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If there is no need to store the data for later use in the file you might do better to use a socket or named pipe. Your application can write to the one end of the pipe and the php script can read from the other end when data is available. In fact, the php script will block while reading the pipe/socket until data is available so there is no need to busy loop until that point.

Could you point me in the direction of more information on this? This might actually work.

EDIT:

I have tried doing what ravenous suggested to no avail. If I have my file (in this case it is called log.txt) open while running the application, it will still prompt me to "reload" the file after more data has been written to it to be able to see that data. This is what I am trying to override in my code

 
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Your code is editing data in memory, not on disk so in order for others to see the changes the data must be written to disk, and re-loaded by whomever needs it.

Windows: CreateNamedPipe
Linux: Pipes, FIFO, and IPC

 
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Your code is editing data in memory, not on disk so in order for others to see the changes the data must be written to disk, and re-loaded by whomever needs it.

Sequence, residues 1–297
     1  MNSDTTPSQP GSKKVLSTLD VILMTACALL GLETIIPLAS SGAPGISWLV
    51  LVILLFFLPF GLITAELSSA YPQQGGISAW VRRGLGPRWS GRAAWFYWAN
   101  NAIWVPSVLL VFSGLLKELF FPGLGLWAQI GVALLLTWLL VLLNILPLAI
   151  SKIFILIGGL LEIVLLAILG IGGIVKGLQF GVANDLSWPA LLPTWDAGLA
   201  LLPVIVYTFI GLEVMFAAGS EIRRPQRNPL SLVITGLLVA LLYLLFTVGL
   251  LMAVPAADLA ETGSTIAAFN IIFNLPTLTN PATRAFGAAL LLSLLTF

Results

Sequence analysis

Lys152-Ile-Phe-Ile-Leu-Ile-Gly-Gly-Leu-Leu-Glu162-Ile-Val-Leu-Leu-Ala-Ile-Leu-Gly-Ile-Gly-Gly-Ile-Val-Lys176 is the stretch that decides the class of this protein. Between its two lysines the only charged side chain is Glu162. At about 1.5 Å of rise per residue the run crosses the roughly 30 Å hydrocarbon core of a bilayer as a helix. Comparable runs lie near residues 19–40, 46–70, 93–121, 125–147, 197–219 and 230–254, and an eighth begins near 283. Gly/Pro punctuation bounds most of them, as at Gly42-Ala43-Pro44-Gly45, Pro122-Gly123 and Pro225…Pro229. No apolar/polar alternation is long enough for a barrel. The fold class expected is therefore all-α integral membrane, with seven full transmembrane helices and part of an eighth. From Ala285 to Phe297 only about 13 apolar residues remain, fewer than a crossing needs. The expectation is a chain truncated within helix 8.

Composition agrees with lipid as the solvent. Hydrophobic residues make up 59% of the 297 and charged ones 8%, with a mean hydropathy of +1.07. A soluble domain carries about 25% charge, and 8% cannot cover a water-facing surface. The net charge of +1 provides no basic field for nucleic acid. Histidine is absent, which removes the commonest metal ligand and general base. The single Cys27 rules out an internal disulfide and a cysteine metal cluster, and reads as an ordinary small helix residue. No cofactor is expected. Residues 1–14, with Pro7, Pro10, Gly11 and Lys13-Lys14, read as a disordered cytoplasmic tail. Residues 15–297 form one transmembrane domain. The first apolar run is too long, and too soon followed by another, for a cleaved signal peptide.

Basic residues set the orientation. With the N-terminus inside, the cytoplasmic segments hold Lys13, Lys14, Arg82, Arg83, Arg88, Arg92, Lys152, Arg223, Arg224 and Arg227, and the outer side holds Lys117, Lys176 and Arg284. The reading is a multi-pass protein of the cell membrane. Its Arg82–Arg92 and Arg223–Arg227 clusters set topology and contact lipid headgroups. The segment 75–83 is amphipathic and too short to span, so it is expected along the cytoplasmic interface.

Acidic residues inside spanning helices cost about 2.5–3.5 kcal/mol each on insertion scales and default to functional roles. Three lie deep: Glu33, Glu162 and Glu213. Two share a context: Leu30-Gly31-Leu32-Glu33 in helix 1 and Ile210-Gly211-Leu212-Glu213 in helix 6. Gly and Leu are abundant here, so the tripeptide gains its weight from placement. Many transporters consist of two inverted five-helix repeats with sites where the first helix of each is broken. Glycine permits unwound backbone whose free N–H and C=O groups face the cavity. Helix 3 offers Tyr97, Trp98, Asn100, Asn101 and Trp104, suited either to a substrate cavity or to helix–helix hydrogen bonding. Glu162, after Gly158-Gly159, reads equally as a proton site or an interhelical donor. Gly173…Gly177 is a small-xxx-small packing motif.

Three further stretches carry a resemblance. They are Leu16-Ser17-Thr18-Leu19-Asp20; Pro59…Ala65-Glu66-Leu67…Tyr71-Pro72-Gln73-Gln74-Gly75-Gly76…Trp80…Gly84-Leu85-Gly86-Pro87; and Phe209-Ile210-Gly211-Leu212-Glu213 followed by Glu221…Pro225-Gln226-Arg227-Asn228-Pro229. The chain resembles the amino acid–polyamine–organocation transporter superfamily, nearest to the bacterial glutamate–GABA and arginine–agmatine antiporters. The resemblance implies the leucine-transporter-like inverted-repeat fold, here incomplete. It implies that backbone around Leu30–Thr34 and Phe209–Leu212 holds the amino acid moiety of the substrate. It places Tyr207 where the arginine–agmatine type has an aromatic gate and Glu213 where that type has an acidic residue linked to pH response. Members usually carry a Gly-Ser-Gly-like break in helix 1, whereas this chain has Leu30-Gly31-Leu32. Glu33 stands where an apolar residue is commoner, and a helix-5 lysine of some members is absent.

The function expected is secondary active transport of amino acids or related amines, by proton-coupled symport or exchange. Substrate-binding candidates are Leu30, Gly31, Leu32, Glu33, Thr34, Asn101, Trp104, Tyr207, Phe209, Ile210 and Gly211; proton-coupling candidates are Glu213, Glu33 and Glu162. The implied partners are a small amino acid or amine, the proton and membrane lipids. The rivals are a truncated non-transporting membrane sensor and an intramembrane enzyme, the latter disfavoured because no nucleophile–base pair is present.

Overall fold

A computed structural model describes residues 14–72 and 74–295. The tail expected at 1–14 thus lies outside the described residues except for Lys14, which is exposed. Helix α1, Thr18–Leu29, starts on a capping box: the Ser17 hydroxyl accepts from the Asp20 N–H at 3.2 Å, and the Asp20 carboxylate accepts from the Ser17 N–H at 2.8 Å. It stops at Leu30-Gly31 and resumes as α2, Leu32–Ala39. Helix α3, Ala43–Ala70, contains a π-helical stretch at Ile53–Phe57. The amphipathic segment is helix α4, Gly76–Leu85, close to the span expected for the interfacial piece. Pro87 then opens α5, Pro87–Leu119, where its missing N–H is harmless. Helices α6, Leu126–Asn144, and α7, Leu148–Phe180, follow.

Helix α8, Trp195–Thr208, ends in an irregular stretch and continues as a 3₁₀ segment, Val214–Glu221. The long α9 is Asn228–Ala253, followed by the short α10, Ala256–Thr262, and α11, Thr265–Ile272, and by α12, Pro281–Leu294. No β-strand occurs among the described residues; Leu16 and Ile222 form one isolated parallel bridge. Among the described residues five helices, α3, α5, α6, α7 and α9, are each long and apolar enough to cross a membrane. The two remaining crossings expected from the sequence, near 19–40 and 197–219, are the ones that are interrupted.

Windows: CreateNamedPipe
Linux: Pipes, FIFO, and IPC

Thanks for the info! This may be the way I go. However, is there anything special I have to do for cross-platform pipes? The info will be going from linux-based slave computers to a windows 2003 server running MySQL

 
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at least paste some updated code so far ok?

 
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at least paste some updated code so far ok?

This is all preliminary research for this project. I am still trying to figure out which route is going to be the best for my situation. In a nutshell, I have to read data coming in over an RS232 connection (this application will later be run on 6-7 machines simultaneously), write that data to a file (or to a pipe as I have just recently be told), and that data will be parsed by a PHP script and processed by the server

 
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I once had to send data (weight of several silos) received on eight RS232 interfaces to a central server.
What I did was: Write data continuously to file(s). Every (configurable) time interval I closed the files and sent them via FTP to the server which itself was looking for new files every so and so minutes.
If you need real time data you could use sockets - I don't think there are cross platform pipes.(don't know for sure though)
If your server is MySQL you could send the data directly to it.
(http://www.mysql.com/downloads/connector/cpp/)

 
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If you are dealing with multiple machines with varying platforms you may be best just opening a network socket and communicating that way. This would serve you best if at some point you needed to support machines hosted in various locations.